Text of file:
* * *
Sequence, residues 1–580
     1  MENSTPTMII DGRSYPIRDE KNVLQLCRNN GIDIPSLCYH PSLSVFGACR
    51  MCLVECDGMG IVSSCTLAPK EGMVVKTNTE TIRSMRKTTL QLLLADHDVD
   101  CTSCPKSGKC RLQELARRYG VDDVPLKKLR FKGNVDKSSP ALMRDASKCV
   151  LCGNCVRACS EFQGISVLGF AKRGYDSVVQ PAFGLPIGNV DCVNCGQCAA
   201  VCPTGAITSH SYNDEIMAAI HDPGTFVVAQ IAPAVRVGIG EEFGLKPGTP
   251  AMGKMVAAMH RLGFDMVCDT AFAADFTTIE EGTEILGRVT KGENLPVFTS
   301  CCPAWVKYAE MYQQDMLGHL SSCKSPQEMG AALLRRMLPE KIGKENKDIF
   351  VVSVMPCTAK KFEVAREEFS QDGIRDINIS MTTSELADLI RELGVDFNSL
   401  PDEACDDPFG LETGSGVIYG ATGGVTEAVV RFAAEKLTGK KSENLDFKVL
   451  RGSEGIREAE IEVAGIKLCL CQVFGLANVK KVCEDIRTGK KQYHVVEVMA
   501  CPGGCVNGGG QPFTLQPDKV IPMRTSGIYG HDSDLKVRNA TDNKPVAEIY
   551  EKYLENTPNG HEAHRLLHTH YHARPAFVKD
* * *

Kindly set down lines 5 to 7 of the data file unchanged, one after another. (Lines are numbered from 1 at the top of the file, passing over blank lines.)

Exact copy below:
   151  LCGNCVRACS EFQGISVLGF AKRGYDSVVQ PAFGLPIGNV DCVNCGQCAA
   201  VCPTGAITSH SYNDEIMAAI HDPGTFVVAQ IAPAVRVGIG EEFGLKPGTP
   251  AMGKMVAAMH RLGFDMVCDT AFAADFTTIE EGTEILGRVT KGENLPVFTS